Last time we derived the 4-velocity **u** of a small test body moving radially in the Schwarzschild geometry, in terms of *e*, the “energy per unit rest mass”. Another parametrisation is in terms of the 3-speed *V* relative to stationary observers. This turns out to be, in Schwarzschild coordinate expression,

To derive this, first consider the 4-velocity of stationary observers:

We know the “moving” body has 4-velocity **u** of form since the motion is radial. The Lorentz factor for the relative speed is

Evaluating and rearranging yields . Normalisation leads to , after some algebra including use of the identity . We allow also, and define this as inward motion. Carefully considering the sign, this results in the top equation. (An alternate derivation is to perform a local Lorentz boost. *Later articles will discuss this*… The Special Relativity formulae cannot be applied directly to Schwarzschild coordinates.)

Some special cases are noteworthy. For *V*=0, γ=1, and **u** reduces to **u**_{Schw}. This corresponds to . Also we can relate the parametrisation by *V* (and γ) to the parametrisation by *e* via

where the leftmost equation follows from the definition , and subsequently the rightmost equation from γ=γ(*V*). For raindrops with *e*=1, the relative speed reduces to .

We would expect the construction to fail for , as stationary timelike observers cannot exist there, and so the relative speed to them would become meaningless. But curiously, it can actually work for a faster-than-light *V*>1 “Lorentz” boost, as even the authorities MTW (§31.2, explicit acknowledgement) and Taylor & Wheeler (§B.4, implicitly *v*_{rel}>1 for *r*<2*M*) attest. Sometime, I will investigate this further…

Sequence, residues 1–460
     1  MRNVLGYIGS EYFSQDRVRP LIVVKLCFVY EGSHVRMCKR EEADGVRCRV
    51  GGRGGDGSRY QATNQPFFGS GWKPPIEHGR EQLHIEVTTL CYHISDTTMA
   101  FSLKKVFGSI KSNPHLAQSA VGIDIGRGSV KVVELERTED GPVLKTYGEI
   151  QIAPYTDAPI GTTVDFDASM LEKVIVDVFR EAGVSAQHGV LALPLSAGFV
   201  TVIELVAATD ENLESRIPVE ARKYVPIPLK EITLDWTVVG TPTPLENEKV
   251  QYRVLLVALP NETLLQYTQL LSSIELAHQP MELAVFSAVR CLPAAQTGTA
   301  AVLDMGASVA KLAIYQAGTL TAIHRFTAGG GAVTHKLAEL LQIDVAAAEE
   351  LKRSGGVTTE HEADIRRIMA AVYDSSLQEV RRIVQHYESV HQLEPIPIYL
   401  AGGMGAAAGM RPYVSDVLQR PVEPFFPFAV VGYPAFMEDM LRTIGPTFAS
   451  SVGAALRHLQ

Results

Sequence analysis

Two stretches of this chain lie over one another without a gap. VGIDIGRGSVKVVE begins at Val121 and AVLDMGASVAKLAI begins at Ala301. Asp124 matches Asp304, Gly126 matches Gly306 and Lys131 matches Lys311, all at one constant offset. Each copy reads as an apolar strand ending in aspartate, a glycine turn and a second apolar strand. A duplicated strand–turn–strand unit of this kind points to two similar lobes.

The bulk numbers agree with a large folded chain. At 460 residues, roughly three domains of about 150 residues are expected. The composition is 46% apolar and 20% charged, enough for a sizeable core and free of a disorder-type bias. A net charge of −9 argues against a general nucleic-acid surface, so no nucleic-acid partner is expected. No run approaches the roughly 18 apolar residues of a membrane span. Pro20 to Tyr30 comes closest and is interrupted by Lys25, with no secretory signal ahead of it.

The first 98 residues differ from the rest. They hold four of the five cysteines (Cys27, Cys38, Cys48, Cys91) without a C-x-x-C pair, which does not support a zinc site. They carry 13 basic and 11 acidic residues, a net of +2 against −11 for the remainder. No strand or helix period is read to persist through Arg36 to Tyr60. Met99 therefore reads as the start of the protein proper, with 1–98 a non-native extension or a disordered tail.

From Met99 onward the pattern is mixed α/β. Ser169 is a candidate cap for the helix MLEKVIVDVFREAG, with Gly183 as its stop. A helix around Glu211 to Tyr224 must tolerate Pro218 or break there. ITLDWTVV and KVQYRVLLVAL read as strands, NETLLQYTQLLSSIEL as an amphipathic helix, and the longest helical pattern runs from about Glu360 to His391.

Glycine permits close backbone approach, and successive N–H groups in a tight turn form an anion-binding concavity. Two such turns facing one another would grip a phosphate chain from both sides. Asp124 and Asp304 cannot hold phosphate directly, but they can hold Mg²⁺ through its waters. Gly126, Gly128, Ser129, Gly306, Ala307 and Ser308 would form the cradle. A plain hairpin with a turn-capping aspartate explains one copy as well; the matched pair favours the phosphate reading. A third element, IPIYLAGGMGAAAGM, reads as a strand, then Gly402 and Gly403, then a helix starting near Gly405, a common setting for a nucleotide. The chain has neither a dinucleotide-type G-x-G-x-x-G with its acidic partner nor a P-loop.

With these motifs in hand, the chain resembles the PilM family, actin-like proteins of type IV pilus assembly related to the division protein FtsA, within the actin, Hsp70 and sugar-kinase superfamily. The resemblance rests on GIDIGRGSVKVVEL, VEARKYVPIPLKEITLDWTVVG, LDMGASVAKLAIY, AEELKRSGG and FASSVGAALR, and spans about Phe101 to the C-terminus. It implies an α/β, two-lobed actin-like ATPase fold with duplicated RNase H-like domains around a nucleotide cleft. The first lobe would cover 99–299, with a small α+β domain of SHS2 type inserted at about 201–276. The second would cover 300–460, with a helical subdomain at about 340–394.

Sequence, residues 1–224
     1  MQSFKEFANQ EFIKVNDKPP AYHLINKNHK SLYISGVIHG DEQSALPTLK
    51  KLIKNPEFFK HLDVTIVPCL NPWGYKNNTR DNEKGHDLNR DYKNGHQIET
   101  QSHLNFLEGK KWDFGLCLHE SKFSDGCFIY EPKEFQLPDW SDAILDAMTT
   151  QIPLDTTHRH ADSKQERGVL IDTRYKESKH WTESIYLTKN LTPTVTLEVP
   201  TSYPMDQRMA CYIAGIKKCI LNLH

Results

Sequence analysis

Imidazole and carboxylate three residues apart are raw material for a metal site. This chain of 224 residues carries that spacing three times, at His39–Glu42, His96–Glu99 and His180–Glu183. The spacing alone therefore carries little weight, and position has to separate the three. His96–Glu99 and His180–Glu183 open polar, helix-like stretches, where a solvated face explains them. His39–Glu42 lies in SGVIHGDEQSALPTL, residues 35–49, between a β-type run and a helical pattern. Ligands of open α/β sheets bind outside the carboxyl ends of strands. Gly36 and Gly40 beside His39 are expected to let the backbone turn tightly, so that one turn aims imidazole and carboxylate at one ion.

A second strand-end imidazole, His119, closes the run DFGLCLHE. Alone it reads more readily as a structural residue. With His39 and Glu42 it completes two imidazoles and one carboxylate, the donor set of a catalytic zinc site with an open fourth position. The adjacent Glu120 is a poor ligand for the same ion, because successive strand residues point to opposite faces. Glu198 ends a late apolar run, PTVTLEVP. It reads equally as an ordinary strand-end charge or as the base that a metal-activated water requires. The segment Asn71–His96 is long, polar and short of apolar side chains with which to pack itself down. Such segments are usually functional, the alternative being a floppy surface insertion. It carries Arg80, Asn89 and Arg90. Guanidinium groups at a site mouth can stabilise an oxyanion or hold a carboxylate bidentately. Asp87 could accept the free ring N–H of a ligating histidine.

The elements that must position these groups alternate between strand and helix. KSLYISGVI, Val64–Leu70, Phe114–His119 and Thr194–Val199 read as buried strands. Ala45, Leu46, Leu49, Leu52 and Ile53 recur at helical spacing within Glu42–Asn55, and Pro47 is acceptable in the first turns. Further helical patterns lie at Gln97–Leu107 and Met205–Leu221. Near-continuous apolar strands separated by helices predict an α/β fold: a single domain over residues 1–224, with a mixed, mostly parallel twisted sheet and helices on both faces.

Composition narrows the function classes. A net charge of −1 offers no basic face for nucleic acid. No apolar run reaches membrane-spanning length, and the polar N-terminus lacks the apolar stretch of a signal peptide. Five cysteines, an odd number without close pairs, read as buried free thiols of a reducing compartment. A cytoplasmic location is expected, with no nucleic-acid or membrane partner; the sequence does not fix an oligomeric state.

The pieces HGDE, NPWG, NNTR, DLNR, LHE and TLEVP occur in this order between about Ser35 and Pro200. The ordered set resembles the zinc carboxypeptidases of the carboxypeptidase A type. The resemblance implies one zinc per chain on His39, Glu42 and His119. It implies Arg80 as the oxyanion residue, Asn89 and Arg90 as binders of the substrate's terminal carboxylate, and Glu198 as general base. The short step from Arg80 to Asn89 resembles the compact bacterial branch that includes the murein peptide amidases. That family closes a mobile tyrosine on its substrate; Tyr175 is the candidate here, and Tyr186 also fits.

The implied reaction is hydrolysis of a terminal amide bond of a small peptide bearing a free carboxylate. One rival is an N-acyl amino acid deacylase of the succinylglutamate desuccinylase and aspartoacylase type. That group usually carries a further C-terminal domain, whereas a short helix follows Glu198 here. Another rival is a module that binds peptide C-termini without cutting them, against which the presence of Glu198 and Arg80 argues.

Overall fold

A nice way to parametrise the 4-velocity **u** of a small test body moving radially within Schwarzschild spacetime is by the “energy per unit rest mass” *e*:

For the “±” term, choose the sign based on whether the motion is inwards or outwards. All components are given in Schwarzschild coordinates . The result was derived as follows. In geometric units, the metric is:

By definition , where is the Killing vector corresponding to the independence of the metric from *t*, and has components (Hartle §9.3). For geodesic (freefalling) motion *e* is invariant, however even for accelerated motion *e* is well-defined instantaneously and makes a useful parametrisation.

We want to find say. Rearranging the defining equation for *e* gives . Radial motion means , so the normalised condition yields the remaining component . The resulting formula is valid for all , and for *e*=1 the 4-velocity describes “raindrops” as expected.

Suppose two observers at the same place and time (that is, “event”) move with 4-velocities **u** and **v** respectively, then they measure their relative speed as follows. The Lorentz factor is simply

(The dot is not the Euclidean dot product, but uses the metric: where the indices and are summed over by the Einstein summation convention.) The proof is based on the axiom that some local inertial frame exists, although interestingly one does not need to explicitly construct it.

The relative 3-speed *V*, may then be recovered via:

See for instance Carroll (end of §2.5) who terms it “ordinary three-velocity”. Other sources express the first formula more indirectly, in terms of the energy and momentum measured by an observer : where is the 4-momentum of another observer/object, and combine this with (MTW Exercise 2.5 in §2.8 term it “ordinary velocity”, or Hartle §5.6, and Example 9.1 in §9.3).